Translate songs: step-by-step guide to learning with music

Music is a power driving us to explore the languages we don’t know. And you can use this power to accelerate your language learning! How? Just start to translate songs.

Music doesn’t know language barriers. It can make you mumble the lyrics on the language you don’t know and feel the meaning without translating a single word. It can even throw you on the way of learning a language.

I know what I’m talking about.

a) I was completely indifferent to Thai despite the fact that I lived in Thailand for many months. But a single Thai song I heard one night in Phuket Town made me to step on the way of learning this language.

b) I studied Greek just because I love Greek music.

c) I get a temptation to grab a Romanian language learning course every time I hear any of Carla’s Dreams songs.

Your love to music can be an amazing power force on your way to language learning.

So what happens when you actually translate songs in your own language instead of being a passive listener?

Why do you want to translate songs on your target language

There are many solid “because of” when it comes to the reasons to become an amateur translator. Just consider these ones:
  • develop heart-to-heart connection with your target language;
  • find inexhaustable source of inspiration for language practice;
  • become an active and self-driven language learner;
  • increase your vocabulary faster than ever;
  • turn into a more attentive listener;
  • understand foreign speech in all sorts of form;
  • comprehend different accents of your target language;
  • match your prononciation with that of a native speaker;
  • become the master of idioms and proverbs;
  • improve your writing skills…

Honestly, this simple practice of translating songs gives you a lot of aces in the hole.

You can easily find your own reasons. And if you do, don’t hesitate to share it in the commens below and inspire other language learners!

The process: 10 steps to get the amazing translation and improve your language skills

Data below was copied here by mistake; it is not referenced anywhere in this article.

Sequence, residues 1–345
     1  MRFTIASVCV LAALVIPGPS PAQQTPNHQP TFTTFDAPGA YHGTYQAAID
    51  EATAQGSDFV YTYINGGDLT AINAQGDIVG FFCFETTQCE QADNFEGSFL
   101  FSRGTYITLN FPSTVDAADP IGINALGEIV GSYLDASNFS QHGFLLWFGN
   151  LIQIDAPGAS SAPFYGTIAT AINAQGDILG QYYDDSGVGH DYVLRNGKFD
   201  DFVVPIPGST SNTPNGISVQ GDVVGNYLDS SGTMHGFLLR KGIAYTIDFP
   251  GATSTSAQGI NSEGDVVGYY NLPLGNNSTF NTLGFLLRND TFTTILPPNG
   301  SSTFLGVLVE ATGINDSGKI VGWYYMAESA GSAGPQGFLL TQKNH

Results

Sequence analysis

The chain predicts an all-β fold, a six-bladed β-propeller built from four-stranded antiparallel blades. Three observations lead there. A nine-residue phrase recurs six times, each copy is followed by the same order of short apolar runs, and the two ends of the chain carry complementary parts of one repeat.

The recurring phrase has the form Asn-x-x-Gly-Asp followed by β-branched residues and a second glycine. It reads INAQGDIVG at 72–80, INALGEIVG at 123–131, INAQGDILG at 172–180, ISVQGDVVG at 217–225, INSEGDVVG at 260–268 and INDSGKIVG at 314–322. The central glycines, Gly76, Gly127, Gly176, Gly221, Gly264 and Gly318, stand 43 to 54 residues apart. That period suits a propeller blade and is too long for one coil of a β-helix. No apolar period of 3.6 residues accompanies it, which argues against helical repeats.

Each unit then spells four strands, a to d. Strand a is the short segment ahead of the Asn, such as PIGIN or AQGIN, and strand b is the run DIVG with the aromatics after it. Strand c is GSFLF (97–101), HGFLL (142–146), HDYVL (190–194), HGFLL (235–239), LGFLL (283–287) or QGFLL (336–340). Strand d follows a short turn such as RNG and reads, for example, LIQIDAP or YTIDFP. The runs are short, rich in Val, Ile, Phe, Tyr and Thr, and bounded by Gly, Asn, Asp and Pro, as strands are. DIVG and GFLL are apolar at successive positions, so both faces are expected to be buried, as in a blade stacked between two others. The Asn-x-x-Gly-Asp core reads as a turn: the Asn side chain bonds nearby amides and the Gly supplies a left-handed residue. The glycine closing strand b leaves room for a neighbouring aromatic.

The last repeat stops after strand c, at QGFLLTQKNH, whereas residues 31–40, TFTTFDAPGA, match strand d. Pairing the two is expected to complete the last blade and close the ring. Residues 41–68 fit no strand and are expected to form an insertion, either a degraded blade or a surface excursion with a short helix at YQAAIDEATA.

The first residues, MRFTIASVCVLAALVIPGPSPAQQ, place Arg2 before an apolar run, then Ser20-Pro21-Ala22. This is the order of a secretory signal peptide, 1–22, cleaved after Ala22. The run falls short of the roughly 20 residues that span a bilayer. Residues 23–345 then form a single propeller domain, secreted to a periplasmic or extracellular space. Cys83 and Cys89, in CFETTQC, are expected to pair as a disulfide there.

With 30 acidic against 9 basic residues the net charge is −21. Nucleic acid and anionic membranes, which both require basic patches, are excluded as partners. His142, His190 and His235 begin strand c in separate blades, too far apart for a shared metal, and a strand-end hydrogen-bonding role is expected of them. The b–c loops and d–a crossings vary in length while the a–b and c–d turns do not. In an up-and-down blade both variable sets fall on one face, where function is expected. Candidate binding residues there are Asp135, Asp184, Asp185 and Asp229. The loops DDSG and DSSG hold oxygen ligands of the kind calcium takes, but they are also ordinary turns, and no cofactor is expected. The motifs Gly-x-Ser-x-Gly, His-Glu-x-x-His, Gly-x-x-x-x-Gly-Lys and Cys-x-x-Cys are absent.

Translating songs is not hard. However, you can make it difficult if you go about this task carelessly.

To avoid this waste of time, follow the routine of 10 simple steps that will help you to get a perfect translation in minimum time. This is how I translate songs:

  1. Choose a song

    That’s the hardest step. Frankly. You probably have like dozens of songs you really like. What usually happens is that you grab a song, translate few phrases, stumble over something “untranslatable”, run out of steam and grab the next one. It’s highly unproductive.

    What I recommend is to choose one single and don’t move to the next one until you submit the legit translation of the first. Just make it a rule.

  2. Listen to the song multiple times

    If you like the song you probably went over this phase hundred times – because this is how the idea to translate the lyrics usually comes in mind.

    Still, this time you want to listen to the song carefully and attentively. You may detect phrases you already understand and it will give you a boost.

  3. Find the lyrics

    That’s not a “mission: impossible” as well. With Google you can find lyrics of any song in any language within the seconds. There are thousands of websites that would give you either English transliteration or the lyrics in the original script of the language. Choose the last option as English transliteration will not help you to translate songs.

    However, if you use original lyrics in the language of the song you will always have a chance to check the meaning of any new word.

    One last thing to pay attention to: ignore all existing translation of your song. Don’t read them, even a single line. It can be tempting but if you do it, all your next actions will make no sense.

  4. Save the lyrics on your phone

    You will have to refer to the original lyrics pretty often when you translate the song.

    So simply copy and paste the text in Evernote. As you will see in the next step, you want to mark the lyrics in various ways while translating the song.

  5. Highlight all words you don’t understand

    Yup, all of them.